He mentions within the first few minutes he is a lawyer. That’s
why he can be trusted, he says, because he has a reputation to
protect. Personally, I always think there is something a bit off
about someone who tells you they can be trusted, particularly
when that person is trying to sell you something. I sit at the
back of the small boat as it shudders towards the ‘Matisse’, a
37 foot sailboat waiting patiently for us on its mooring, and
cross my arms.
‘Plastic’ he yells, gesturing to the small tacky blue and
white boat that we sat in. ‘It was the wife’s idea of course!’ He
smiles ingratiatingly at my partner Stan, sitting beside him at
the front of the boat. I feel excluded from the conversation, as I
will for most of the upcoming hour we spend going over the
‘Matisse’ and all its particulars. When I ask the lawyer a
question he gives Stan the answer, a routine that is already
getting old by the time we arrive and climb aboard the yacht.
It’s an old boat, but well made and beautiful. Warm woodwork
We soon learn this lawyer’s boat-owning career, and the
lives of pretty much all of his friends who have boats, have
been maligned by women. Women, who don’t appreciate boats,
don’t love the sea, women who leave their cosmetics
everywhere and complain about the lack of wardrobe space. I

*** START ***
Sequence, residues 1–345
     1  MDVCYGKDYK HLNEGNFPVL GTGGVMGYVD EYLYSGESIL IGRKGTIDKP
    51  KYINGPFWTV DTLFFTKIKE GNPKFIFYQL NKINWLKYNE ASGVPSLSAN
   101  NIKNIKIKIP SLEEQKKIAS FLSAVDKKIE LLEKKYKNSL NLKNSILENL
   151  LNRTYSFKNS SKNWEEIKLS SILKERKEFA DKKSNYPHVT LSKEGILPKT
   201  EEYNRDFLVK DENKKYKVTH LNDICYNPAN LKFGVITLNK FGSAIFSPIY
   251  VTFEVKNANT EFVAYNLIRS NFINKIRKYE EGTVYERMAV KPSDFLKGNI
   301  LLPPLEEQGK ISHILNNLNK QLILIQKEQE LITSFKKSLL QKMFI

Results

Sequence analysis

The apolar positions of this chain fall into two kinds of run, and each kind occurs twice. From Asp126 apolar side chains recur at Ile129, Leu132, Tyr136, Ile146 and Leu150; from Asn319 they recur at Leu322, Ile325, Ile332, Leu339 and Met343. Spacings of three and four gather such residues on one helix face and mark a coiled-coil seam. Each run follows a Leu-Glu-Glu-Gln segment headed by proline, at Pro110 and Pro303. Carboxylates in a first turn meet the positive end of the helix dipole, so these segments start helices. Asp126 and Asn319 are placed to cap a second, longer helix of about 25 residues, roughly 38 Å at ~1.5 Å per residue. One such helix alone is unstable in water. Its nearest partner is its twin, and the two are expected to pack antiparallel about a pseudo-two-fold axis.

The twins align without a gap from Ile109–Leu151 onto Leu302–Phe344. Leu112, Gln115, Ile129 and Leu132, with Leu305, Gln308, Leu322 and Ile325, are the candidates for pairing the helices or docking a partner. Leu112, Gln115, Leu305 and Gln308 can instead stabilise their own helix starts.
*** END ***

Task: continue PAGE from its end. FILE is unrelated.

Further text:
imagine these women, with brightly manicured talons and
impractical high heels, their bitchy tinkling laughter swallowed
by the waves.
We get back on the plastic runabout after giving the
Matisse a full run down, the lawyer is unimpressed when I ask
him to show me how each and every system turns on. I sit in
the front this time with Stan taking the back seat. I am curious
to see if the lawyer will actually talk to me. I ask him to take us
around to the other side of the bay. There are some moorings
becoming available on this secluded side of the bay soon, and
he urges us to get on the waiting list. Of course, it’s Stan he
gives this information to, smiling the same shit-eating grin,
neck craned at an 180 degree angle.
It’s almost too easy to slit the lawyer’s throat when he is
in that position. The knife work is all me, as I have the most
experience in that area, but Stan does the heavy lifting. I make
sure we take all the relevant keys from his body before
dumping him over the side. We don’t need my notes after all (if
it floats, Stan and I can sail it). It’s getting dark and there aren’t
many lights in the marina as we make our silent getaway. I
remove the ‘For Sale’ sign from the boat’s aft as we leave the
harbour. I rip the plastic-coated cardboard into small pieces,
watching with a smile as they hit the water, refusing to sink.
Hayley Scrivenor is a writer and PhD candidate at the University of Wollongong. You can find her work in Seizure Online, SCUM, Phantasmagoria, SWAMP and prowlings, among other places. She is a passionate member of the Wollongong Writers Festival team and spends much of the rest of her time learning, forgetting and re-learning how to tie a bowline.